1 verb
a) (I, T) to make something bigger or looser by pulling it, or to become bigger or looser as a result of being pulled: My big, blue sweater has stretched completely out of shape.
b) (intransitive not in progressive) if material stretches, it can become bigger or longer when you pull it and then return to its original shape when you stop: Lycra shorts will stretch to fit you perfectly.
2 ARM/BODY (I, T) to straighten your arms, legs, or body to full length: Carl sat up in bed, yawned and stretched.
3 MAKE STH TIGHT (T) to pull something so that it is tight: a rope stretched between two poles | stretch sth tight: Stretch the canvas tight over the frame.
4 IN SPACE (intransitive always + adv/prep) to spread out or cover a large area of land
(+ to/into/away): The desert stretched away as far as the eye could see. | a line stretching around the block
5 IN TIME (intransitive always + adv/prep) to continue over a period of time
(+ into/on/over): a research program stretching over several years
6 RULE/LIMIT (T) to allow something that would not normally be allowed by a rule or limit: This once I'll stretch the rules and let you leave work early. | stretch a point (=allow a rule to be broken): We'll stretch a point and let the baby travel free this time.
7 stretch sb's patience/credulity etc to be almost beyond the limits of what someone can accept, believe etc: stretch sth to the limit: Barry's behaviour has stretched my patience to the limit.
8 ABILITIES (T) to make someone use all of their skill, abilities or intelligence: The work's too easy. The students aren't being stretched enough.
9 be stretched (to the limit) to have hardly enough money or supplies for your needs: We're stretched at the moment, otherwise I'd offer to lend you some money.
10 stretch the truth to make something seem more important, bigger etc than it really is: be stretching it: He's a good player, but “world class” is stretching it.
11 not stretch to sth if someone's money will not stretch to something, they cannot afford it: Our savings don't stretch to a vacation this year.
12 stretch your legs informal to go for a walk, especially after sitting for a long time
— stretchable adjective stretch out phrasal verb
1 (intransitive always + adv/prep) informal to lie down, usually in order to sleep or rest: I'm just going to stretch out on the couch for ten minutes.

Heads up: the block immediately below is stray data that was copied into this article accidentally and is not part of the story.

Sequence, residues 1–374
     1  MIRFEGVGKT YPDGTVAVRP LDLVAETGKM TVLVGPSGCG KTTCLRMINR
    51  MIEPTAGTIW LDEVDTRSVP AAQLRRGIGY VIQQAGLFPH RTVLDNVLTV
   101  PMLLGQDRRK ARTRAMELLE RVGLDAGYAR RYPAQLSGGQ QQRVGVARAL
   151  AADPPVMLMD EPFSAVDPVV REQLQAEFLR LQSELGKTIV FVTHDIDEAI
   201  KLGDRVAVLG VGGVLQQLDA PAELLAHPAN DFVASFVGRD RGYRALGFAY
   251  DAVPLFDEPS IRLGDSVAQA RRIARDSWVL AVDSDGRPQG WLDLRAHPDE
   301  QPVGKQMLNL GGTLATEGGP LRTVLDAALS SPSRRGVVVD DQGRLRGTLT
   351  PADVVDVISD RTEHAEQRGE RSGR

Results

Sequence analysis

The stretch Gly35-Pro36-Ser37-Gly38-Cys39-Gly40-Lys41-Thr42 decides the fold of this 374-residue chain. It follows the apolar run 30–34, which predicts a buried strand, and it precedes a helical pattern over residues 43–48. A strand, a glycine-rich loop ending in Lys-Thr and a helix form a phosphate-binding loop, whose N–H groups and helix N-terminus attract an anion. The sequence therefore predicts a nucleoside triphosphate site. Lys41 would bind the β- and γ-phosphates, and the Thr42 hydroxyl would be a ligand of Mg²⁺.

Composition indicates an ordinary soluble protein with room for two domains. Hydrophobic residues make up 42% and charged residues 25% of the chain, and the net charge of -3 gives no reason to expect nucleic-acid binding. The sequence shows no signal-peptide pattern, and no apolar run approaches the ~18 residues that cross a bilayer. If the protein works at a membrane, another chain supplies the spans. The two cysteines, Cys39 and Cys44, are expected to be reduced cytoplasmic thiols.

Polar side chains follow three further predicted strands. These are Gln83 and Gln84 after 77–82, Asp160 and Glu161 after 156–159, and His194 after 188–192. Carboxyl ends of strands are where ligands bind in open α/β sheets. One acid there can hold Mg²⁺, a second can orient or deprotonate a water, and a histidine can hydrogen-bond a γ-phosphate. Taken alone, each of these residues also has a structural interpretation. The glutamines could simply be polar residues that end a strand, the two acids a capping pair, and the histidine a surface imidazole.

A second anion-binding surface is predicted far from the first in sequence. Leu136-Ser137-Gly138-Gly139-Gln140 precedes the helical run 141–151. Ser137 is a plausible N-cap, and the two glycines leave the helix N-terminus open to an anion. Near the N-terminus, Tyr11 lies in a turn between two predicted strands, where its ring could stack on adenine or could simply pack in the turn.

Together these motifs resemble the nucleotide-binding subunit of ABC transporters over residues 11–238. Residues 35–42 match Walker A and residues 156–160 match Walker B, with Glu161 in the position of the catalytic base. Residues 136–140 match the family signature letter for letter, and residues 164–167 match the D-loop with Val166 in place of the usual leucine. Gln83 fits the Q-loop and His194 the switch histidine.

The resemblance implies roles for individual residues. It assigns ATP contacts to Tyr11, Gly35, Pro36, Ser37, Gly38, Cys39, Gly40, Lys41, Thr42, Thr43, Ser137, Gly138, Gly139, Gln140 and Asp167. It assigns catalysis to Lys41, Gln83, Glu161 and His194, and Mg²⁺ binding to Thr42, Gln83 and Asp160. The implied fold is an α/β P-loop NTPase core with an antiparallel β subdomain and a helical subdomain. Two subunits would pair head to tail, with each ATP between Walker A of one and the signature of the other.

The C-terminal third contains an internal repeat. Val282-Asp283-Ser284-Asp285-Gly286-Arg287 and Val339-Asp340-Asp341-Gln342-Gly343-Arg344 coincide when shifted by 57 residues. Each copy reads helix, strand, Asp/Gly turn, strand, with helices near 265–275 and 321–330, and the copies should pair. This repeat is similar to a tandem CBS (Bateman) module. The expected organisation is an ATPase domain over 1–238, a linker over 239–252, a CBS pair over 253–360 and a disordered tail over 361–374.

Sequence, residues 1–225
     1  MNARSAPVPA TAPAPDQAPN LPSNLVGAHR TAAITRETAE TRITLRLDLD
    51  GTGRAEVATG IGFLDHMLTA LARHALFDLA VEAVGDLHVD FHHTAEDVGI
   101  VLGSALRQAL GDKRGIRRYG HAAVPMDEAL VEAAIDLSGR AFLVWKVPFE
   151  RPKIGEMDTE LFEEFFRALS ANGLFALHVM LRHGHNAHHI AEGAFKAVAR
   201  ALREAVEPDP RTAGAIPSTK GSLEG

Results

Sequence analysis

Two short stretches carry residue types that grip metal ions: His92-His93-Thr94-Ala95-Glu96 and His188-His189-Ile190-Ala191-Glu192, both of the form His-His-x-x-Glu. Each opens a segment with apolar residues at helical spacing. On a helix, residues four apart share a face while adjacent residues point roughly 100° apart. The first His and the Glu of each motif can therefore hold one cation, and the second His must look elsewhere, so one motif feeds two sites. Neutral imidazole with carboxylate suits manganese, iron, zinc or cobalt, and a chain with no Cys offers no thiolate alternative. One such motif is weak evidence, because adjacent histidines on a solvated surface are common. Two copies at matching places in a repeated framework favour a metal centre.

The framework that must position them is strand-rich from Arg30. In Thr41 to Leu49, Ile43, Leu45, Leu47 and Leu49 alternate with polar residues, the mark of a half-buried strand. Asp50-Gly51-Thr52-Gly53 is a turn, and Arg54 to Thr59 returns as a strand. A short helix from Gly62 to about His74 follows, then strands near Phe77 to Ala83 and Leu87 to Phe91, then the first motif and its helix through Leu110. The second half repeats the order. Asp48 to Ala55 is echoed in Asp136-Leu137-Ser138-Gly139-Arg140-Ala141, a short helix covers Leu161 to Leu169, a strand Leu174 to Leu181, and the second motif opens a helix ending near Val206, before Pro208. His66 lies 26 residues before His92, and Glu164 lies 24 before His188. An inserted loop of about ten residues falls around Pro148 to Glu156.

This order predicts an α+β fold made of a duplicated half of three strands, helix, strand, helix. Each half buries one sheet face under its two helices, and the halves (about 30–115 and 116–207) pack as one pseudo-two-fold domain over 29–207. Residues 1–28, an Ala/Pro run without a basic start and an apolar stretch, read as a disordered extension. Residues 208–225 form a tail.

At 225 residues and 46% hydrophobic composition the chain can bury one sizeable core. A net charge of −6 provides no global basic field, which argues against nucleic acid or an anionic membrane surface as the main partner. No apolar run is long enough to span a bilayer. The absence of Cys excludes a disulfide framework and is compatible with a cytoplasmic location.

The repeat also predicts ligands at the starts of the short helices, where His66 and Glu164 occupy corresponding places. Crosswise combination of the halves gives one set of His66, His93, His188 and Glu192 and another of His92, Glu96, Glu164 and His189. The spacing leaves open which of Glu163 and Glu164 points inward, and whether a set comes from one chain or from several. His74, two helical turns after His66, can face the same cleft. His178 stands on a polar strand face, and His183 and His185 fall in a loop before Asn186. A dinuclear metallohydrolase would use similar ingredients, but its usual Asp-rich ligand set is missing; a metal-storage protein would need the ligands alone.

2 (transitive stretch something out) to put out your hand, foot etc in order to reach something: Jimmy stretched out his hand to take the candy.
2 noun
1 LENGTH OF LAND/WATER (C) an area of land or water, especially one that is long and narrow
(+ of): The boat rocked as it entered the stretch of rough water. | a beautiful stretch of countryside | home/final/finishing stretch (=the last part of a track before the end of a race)
2 TIME (C) a continuous period of time
(+ of): a stretch of three weeks without sunshine. | at a stretch (=without stopping): I couldn't stand for hours at a stretch.
3 BODY (C) the action of stretching a part of your body out to its full length, or a particular way of doing this: The ski instructor showed us some special stretches.
4 MATERIAL (U) the ability a material has to increase in length or width without tearing: This elastic has lost its stretch.
—compare stretchy
5 not by any stretch of the imagination used to say that something cannot be true, even if you try very hard to imagine or believe it: You wouldn't call him smart by any stretch of the imagination, but he did ok for himself.
6 JAIL (countable usually singular) informal a period of time spent in prison
7 at full stretch BrE
a) using everything that is available: The emergency services were at full stretch after the motorway pile-up.
b) with your body or part of your body stretched as far as possible: He dived and caught the ball at full stretch.

Longman dictionary of contemporary English. 2004.

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